Advances in Instructional Psychology - Vol. 4

Advances in Instructional Psychology - Vol. 4

Advances in Instructional Psychology - Vol. 4

Advances in Instructional Psychology - Vol. 4

Excerpt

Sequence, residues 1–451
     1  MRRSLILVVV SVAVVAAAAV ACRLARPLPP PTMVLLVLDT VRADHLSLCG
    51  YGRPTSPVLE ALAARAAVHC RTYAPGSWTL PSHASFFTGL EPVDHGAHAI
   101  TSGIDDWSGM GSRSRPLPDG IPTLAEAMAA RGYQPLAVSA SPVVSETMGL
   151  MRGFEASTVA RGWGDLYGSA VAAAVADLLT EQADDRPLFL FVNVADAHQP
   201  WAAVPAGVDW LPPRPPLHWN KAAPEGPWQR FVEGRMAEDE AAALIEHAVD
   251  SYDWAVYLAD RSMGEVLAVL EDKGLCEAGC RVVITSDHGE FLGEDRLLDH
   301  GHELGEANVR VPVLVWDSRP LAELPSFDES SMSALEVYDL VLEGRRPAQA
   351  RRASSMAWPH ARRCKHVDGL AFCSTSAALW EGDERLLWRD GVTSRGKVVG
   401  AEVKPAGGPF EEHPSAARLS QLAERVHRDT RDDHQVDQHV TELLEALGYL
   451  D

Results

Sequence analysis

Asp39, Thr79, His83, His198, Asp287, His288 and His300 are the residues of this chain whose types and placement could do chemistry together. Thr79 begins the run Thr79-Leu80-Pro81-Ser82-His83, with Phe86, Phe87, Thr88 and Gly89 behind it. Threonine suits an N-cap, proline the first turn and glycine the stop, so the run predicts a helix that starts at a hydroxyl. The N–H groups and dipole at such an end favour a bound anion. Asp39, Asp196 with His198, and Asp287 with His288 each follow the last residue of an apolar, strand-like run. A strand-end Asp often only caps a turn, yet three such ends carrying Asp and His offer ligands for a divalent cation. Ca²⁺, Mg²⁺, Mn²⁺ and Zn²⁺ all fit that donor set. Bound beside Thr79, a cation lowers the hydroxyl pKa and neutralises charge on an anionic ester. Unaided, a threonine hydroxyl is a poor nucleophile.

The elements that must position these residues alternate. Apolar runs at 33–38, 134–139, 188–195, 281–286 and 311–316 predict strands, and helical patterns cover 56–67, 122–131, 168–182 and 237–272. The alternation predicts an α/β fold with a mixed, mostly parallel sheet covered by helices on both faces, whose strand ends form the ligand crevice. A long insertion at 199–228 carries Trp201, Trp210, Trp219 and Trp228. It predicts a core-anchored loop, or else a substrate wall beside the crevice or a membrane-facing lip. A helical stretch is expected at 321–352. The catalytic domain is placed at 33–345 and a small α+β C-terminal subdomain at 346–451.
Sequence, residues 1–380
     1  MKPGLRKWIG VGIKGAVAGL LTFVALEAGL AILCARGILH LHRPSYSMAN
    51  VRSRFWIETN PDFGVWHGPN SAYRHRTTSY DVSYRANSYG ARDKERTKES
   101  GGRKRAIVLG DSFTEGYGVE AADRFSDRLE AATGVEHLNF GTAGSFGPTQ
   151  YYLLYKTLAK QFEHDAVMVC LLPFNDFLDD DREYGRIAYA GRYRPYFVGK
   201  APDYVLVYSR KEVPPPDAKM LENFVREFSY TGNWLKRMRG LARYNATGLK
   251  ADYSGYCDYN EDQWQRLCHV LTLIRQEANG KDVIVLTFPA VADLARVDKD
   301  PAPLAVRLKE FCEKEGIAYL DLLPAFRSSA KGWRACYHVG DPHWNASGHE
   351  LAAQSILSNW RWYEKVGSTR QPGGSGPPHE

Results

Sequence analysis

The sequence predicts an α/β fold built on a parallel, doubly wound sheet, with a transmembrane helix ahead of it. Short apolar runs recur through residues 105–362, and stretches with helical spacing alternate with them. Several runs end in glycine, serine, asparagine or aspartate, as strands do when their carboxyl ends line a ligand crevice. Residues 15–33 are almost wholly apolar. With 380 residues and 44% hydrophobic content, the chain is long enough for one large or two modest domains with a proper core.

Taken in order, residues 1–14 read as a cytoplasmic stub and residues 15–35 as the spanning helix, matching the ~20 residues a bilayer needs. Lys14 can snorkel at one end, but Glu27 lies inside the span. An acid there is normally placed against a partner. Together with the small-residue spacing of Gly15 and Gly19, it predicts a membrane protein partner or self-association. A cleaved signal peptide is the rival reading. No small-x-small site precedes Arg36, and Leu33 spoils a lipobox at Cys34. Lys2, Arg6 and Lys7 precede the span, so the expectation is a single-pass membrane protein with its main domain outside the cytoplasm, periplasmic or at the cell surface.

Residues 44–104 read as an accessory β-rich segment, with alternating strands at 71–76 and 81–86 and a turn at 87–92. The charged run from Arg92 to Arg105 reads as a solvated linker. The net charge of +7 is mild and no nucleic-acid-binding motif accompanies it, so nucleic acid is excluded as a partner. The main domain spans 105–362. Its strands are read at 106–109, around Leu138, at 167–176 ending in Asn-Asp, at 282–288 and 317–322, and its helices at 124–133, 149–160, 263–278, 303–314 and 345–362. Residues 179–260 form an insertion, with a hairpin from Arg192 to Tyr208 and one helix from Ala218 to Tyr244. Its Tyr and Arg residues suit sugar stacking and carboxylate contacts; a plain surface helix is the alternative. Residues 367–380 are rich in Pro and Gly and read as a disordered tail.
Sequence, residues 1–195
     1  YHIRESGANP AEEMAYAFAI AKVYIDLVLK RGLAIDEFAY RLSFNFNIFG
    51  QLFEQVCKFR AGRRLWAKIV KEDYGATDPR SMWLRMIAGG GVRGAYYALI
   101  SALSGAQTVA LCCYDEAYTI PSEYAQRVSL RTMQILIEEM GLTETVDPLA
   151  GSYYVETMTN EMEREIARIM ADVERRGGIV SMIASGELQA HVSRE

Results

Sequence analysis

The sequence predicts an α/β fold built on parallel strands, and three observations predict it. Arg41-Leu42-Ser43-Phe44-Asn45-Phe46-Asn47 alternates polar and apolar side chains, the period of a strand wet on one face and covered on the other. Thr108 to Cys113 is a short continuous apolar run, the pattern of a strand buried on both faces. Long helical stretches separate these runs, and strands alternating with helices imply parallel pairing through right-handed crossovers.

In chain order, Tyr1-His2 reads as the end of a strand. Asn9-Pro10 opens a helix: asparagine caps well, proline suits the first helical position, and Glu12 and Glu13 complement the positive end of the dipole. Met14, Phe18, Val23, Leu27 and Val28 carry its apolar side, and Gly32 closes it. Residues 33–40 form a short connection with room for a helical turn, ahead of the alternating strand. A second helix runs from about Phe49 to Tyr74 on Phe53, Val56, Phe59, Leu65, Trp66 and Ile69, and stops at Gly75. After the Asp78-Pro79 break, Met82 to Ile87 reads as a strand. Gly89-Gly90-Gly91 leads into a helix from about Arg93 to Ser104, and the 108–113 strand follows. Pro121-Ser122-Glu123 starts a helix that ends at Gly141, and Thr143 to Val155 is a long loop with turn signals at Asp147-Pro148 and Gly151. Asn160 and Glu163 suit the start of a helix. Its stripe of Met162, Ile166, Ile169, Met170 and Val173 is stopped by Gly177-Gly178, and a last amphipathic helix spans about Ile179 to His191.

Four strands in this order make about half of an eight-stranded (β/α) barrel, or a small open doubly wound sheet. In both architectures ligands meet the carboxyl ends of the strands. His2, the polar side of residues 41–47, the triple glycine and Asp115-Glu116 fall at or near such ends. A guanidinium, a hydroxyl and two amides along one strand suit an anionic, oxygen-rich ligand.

The contributions in Volume 4 of Advances in Instructional Psychology address reasoning and problem solving as fundamental to learning and teaching and to modern literacy. The research on expertise and the development of competence makes it clear that structures of knowledge and cognitive process should be tightly linked throughout education to attain high levels of ability. The long-standing pedagogical assumption that the attainment of useful knowledge proceeds from lower level learning based on the practice of fundamental skills that demand little thought, to higher level competence in which problem solving finally plays an increasing role, is no longer tenable. It is now clear that thinking is not an outcome of basic learning, but it is part of the basic acquisition of knowledge and skill. In learning to read, for example, decoding the printed word and understanding simple texts is an act of problem solving, requiring inference and elaboration by the reader. Because reasoning at all levels of competence is of fundamental importance in learning and instruction, it is critical to understand the details of its involvement. Each of the chapters in this volume engages this theme. A rich variety of topics is addressed including an analysis of the components of teaching competence, the evolution of a learner's mathematical understanding, the use of . . .

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